Reducing OT Referrals: Staff Room Referrals and Your Staff Room Response

October 11, 2017

If you are starting a business, you need an elevator pitch. That two sentence routine statement that states what your business is and why it is going to be successful.

 

If you are a school-based OT...

 

You need a staff room response.

 

This staff room response is a way to ward off the unnecessary and misinformed staff room referrals. You know, when a teacher you barely know sees you in the staff room and asks if you can assess a child in his/her class.

 

The teacher states the student cannot stay in their chair and absolutely hates writing.

 

So what do you do?

 

  1. Give the teacher a referral packet to fill out with an assessment plan.

  2. Give the teacher a strategy that make help the student and ask them to get back to you in a week.

  3. Tell the teacher to schedule an IEP for the student to discuss the concerns.

 

I have used each of these strategies at one time or another. And in this particular case, I propose that option 2 is your best solution.

 

I’m not going to get into what your strategy might be in this post, but if you can give the teacher a strategy that has a positive effect in this student’s ability to stay seated and write at their desk, then you may have just saved yourself however many hours an assessment, IEP, and treatment would have taken.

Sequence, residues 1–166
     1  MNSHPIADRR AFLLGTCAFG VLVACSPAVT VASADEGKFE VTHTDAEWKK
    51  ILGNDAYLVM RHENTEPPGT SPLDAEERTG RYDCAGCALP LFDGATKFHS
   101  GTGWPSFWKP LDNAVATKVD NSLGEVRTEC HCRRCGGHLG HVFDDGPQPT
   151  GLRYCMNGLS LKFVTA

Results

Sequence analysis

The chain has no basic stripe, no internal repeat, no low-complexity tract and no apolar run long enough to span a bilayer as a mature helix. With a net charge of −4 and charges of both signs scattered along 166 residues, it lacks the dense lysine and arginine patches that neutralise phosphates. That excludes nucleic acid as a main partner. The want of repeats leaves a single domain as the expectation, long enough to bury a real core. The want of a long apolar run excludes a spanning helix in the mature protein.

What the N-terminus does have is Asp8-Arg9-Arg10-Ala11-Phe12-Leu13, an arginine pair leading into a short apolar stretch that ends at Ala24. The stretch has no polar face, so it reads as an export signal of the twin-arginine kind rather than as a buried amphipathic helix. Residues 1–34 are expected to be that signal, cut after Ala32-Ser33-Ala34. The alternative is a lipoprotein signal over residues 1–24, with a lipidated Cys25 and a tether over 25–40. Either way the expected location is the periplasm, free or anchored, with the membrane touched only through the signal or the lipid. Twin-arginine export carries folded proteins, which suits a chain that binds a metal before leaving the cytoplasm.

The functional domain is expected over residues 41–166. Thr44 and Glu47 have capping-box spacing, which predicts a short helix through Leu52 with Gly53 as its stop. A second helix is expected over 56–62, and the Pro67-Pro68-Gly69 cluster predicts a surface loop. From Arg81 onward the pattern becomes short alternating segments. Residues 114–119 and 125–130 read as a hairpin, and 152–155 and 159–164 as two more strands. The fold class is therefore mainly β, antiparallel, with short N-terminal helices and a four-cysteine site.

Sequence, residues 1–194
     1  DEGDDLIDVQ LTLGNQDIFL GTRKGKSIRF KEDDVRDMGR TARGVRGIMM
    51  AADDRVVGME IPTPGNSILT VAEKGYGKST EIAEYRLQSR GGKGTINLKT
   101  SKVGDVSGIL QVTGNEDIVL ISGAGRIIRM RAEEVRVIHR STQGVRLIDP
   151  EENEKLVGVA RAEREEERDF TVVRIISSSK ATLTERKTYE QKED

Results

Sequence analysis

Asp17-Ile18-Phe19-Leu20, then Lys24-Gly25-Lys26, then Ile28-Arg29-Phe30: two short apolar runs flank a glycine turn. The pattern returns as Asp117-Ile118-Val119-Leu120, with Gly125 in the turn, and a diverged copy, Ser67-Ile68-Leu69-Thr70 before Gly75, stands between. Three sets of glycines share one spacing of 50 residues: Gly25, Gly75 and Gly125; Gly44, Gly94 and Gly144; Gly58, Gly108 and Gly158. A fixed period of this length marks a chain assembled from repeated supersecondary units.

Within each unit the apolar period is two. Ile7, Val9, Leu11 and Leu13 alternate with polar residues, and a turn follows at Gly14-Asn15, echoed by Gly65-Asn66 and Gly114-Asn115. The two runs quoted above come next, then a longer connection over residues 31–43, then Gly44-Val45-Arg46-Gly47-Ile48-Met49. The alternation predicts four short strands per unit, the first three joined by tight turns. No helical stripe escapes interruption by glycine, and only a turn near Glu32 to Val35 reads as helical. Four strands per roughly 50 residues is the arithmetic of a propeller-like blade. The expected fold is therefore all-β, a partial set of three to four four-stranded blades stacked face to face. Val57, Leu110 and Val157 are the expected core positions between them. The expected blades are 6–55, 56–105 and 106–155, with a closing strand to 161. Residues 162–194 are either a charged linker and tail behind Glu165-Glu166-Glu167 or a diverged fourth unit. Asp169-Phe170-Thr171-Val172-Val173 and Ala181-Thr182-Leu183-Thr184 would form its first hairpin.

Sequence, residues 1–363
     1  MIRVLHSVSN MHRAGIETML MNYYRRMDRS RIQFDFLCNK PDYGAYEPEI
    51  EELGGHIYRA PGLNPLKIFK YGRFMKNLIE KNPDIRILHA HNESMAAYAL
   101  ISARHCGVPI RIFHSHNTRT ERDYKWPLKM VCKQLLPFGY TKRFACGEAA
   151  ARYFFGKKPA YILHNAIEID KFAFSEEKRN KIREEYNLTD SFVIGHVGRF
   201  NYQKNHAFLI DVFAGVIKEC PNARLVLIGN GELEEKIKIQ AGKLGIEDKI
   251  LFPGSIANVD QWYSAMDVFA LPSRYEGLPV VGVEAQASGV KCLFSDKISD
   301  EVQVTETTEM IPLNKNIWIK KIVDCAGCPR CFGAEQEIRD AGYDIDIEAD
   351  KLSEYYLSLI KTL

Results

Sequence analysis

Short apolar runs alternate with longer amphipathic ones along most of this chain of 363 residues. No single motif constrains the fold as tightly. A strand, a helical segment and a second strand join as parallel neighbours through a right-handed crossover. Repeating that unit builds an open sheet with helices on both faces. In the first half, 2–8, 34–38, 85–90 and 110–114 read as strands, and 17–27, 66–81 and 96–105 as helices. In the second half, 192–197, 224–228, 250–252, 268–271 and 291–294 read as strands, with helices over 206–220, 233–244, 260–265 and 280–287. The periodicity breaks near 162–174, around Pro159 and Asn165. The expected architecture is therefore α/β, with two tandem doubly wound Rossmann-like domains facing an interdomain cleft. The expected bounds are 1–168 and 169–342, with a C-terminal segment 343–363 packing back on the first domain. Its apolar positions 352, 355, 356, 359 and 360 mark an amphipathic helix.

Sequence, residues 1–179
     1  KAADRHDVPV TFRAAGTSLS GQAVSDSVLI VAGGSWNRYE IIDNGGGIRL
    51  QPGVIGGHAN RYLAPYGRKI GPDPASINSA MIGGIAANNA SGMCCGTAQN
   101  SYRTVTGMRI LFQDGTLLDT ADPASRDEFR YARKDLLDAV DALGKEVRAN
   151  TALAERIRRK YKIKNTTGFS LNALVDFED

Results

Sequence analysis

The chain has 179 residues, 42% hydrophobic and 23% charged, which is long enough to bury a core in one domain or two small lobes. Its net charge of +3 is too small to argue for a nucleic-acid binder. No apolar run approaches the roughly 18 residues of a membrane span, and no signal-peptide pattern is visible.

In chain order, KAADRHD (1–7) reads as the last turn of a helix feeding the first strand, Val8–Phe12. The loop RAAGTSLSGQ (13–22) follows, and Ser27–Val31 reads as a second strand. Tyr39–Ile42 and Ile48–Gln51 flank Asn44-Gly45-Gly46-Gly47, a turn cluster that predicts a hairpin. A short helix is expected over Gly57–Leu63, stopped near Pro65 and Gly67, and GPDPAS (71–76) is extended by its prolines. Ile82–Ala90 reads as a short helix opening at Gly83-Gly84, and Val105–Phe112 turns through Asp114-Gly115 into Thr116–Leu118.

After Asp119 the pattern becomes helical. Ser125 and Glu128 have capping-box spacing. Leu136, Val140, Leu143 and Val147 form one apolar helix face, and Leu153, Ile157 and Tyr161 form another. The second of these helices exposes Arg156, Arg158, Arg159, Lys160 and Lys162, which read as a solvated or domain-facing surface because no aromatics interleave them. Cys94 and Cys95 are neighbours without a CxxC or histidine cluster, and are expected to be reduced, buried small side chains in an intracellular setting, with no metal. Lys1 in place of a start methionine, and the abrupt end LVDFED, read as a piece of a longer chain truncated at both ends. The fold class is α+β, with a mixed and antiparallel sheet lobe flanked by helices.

If it doesn’t work, well then you have options. Try another strategy for a week or two, or you can propose as assessment.

 

Options 1 and 3 are both viable solutions, but may result in the same recommendation from you, but only after several hours of evaluating and weeks of the child continuing to have difficulty in the classroom.

 

So to get back to your staff room response. It may look something like this:

 

“Oh, hello Mrs. Appleseed. Thank you for bringing this concern to me. Have you tried using some theraband around the legs of his chair so that he can fidget in his seat appropriately? No? Would you like me to provide you with some theraband so you may try it? Also, here is a simple data sheet you can use to track how many times he is up and out of his seat in a day.”

 

This plays directly into the RTI/MTSS model and would be considered a level 2 strategy. It also allows something to be put into place immediately rather than in 60 days after you have assessed.

 

Click here for more information related to OT and RTI/MTSS

 

Whether the this is a general education or special education student, this still applies.

 

One disclaimer, I guess you could call it… You want to try and prevent the teacher from identifying who the child is.

 

Under RTI/MTSS level 2 strategies, OTs are not to provide strategies for specific students. Rather, it is meant to be used for general concerns. The concern being a student having difficulty with completing work due to being out of his/her seat in this case.

 

So I hope this helps you save some time this school year and allows

 

you to help more students at your schools.

 

As always, we’d love to hear your feedback and would like to help in anyway we can. Comment below and don’t forget to subscribe so we can let you know as soon as the next post in this series is available.

 

Until next time,

 

-Jayson

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